Human Rights Institutions As Medium: National Human Rights Institutions (Nhris) And Regional Human Rights Institutions (Rhris) In Asian Human Rights Context
Baek, Buhm Suk
The purpose of my dissertation is to examine whether and how national human rights institutions (NHRIs) can be a driving force for the establishment of regional human rights institutions (RHRIs) in the Asia-Pacific region, which remains the only region without such institutions in contrast to Europe, the Americas, and Africa. I first explore the issue of whether RHRIs are desirable in this region, and argue that such a system is desirable. Then I examine the reasons why RHRIs have not emerged in this region. I located these reasons in part by examining the reception of human rights in Asia and issues like the emergence of international human rights law from the Western cultural heritage, and the problematic question of what the Asian way of human rights means. The analysis of the obstacles that have hampered the creation of RHRIs leads me to focus on NHRIs. By reviewing the role that NHRIs can play in addressing the concerns and inhibitions of Asian states, while furthering the aims of international human rights law, I maintain that the way in which NHRIs collaborate demonstrates that they can be eminent actors toward the establishment of RHRIs. Further, I suggest four specific ways to realize this goal. Lastly, I explore the broader literature on the role that human rights NGOs can play in the relationship with RHRIs and NHRIs, thus illuminating their particular role in the Asian human rights context. I conclude that we need a new actor which can strengthen the human rights system at the national level, change a government's human rights policies, and ultimately lead to the creation of RHRIs in this region. It should be a channeling institution that can mediate between the national interest and international norms, similarly to RHRIs that can work as intermediaries to reflect the regional specificity and meet international human rights standards. At the same time, this new actor should gradually raise public awareness of human rights through an active cooperation with civil society. Overall, NHRIs can play such a role as a driving force for establishing RHRIs in the Asia-Pacific region.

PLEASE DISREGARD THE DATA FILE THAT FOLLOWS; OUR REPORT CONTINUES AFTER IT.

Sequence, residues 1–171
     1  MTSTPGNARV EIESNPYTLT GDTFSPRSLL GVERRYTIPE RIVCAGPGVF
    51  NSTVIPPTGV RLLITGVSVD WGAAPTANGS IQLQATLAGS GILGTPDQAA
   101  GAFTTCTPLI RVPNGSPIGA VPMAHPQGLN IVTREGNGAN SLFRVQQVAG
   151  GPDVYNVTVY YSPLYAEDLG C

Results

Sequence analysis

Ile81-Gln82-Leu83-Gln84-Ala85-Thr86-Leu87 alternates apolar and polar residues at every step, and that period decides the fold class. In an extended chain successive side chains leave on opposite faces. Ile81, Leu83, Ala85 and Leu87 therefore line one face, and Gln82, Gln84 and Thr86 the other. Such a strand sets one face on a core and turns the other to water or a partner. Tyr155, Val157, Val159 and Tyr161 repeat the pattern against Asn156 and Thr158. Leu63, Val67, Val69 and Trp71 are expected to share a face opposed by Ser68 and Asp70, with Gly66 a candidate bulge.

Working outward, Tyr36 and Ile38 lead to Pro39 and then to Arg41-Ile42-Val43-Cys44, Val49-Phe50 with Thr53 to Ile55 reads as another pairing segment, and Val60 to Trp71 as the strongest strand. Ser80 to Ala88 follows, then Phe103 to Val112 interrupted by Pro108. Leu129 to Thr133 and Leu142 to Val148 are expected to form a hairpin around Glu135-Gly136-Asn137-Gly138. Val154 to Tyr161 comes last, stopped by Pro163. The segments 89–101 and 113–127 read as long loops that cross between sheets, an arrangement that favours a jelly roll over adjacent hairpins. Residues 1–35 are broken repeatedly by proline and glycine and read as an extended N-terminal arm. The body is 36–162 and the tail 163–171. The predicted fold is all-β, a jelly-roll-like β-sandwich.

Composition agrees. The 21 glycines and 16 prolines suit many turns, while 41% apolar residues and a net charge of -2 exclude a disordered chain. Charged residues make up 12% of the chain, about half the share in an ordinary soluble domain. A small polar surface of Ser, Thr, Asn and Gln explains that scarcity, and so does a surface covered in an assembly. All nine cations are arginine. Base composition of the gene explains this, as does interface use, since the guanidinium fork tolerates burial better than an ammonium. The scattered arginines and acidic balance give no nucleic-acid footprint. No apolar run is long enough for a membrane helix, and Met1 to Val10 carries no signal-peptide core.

International Human Rights Law; National Human Rights Institutions; Asia-Pacific Region
Ndulo, Muna Baron
Tarrow, Sidney G; Ohlin, Jens David
Doctor of Science Law
J.S.D. of Doctor of Science Law
Doctor of Science of Law
dissertation or thesis
Showing items related by title, author, creator and subject.
Geisler, Charles (Mario Einaudi Center for International Studies, 2009-09)Many have noted that the war on terror has driven a wedge between security needs and civil rights, yet the consequences of this war for property rights have received little attention. This paper explores the conditions ...
Kay, Gwen (2009-03-04)In 1969, after 5 years of deliberation and planning, Cornell's College of Home Economics became the College of Human Ecology. Gwen Kay, Associate Professor of History at SUNY Oswego and 2008 recipient of the Cornell CHE ...
Contextual Universalisms: Indigenous Discourses Of Human Rights And Modernity In India And South Africa Lakhi, Mukti (2012-01-31)DISSERTATION ABSTRACT Contextual Universalisms investigates the "universal" ideas and values that define Enlightenment humanism-- such as secular rationality, individual freedom, and the capacity for democratic thought-and ...